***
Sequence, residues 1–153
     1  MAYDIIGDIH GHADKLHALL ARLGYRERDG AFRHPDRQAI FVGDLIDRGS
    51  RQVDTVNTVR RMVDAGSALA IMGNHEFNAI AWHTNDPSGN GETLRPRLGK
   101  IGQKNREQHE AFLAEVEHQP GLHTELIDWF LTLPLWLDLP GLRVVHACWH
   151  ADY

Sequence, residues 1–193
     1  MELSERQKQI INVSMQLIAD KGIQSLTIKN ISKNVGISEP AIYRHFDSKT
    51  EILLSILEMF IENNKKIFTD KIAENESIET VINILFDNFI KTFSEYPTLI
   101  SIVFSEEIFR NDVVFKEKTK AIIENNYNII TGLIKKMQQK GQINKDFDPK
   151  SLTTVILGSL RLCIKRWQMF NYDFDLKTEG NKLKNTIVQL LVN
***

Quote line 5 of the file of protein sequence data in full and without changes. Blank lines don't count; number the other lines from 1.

   151  ADY